Compassionate Confrontation

In addressing conflict and considering confrontation, the best way to deal with other people is to be mindful, present, and compassionate in your interactions.

Try to see things from the other person’s point of view. When they speak, listen. When they have said what they need to say, before you respond, imagine how the situation is hurting them. See if what you need to say will add to their pain or ease it. If you are suffering too much to imagine the other person’s pain, then connect with your own feelings of hurt. See if you are angry. If you are hurt and angry, confrontations can be explosive. Be careful.

Pausing to recognize how you feel gives you the opportunity to take in what the other person said. Thinking about how they are feeling, gives you the opportunity to empathize and imagine the situation from their perspective. Seeing things from another person’s perspective gets you outside of your own head. Like looking at the clouds in the sky, it helps you focus outward. Listening and empathizing helps you be both present and compassionate. If you are hurt and angry, pausing allows you to be more skillful in your confrontation.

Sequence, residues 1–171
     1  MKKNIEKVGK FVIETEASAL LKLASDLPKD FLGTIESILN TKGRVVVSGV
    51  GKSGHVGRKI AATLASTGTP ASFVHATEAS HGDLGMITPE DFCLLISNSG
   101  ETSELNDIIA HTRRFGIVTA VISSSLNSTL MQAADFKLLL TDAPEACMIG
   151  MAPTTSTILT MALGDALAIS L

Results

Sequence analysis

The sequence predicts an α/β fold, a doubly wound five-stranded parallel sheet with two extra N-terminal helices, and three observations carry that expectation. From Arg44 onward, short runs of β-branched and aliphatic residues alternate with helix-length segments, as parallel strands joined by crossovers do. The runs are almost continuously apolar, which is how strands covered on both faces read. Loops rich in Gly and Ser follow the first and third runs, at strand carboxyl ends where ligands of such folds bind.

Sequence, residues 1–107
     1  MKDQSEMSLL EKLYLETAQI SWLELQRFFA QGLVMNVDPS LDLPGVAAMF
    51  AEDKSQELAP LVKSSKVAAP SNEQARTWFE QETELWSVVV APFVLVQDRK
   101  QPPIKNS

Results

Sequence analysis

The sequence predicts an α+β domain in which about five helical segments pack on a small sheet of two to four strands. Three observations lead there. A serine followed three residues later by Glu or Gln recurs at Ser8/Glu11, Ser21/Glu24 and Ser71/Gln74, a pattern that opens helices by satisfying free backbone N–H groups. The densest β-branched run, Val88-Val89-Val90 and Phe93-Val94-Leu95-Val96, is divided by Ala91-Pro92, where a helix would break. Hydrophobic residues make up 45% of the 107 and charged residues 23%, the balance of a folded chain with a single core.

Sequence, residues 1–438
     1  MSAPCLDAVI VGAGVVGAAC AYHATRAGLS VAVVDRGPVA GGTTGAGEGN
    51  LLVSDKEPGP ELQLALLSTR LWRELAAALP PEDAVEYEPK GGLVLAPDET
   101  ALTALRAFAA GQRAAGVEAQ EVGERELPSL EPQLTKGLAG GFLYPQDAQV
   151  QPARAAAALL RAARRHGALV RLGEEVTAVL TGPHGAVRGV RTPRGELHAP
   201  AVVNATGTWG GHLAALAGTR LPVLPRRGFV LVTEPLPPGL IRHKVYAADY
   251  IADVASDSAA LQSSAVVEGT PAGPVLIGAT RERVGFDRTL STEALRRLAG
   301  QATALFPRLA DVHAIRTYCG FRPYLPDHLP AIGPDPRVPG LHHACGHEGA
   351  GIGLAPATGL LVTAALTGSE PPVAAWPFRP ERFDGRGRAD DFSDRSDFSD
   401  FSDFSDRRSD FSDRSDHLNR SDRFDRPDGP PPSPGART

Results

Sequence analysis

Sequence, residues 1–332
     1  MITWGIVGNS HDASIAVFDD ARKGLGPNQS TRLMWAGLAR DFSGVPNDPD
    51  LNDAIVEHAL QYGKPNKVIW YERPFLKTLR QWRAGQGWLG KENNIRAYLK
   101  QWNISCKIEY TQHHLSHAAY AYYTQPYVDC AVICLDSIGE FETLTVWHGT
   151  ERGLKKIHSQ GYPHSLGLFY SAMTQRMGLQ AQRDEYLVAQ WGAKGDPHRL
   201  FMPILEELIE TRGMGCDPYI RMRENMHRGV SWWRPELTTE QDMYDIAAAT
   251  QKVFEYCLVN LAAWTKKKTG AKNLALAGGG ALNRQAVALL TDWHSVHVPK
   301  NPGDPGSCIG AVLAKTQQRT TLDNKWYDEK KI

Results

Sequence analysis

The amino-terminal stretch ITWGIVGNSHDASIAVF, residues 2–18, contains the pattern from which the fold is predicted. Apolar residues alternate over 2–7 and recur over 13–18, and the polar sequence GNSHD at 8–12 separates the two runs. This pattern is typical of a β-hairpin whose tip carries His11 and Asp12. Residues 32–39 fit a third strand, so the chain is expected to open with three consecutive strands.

Being able to recognize the truth in what other people are saying, seeing how they are right and you are wrong, gives you insight into your own position. If you need to convince the other person how you are right and they are wrong, then understanding where they are wrong and right helps you focus your argument in a way they might better understand.

Being present and compassionate in your interactions with people gives you options about what the best way to respond might be. Having options and taking the time to reflect on options lets you connect with your wisdom and make the best choice. In the next moment, see how that choice went over and make your next choice. If you are skillfully compassionate, whether confronting or agreeing, the suffering in the situation will ease.


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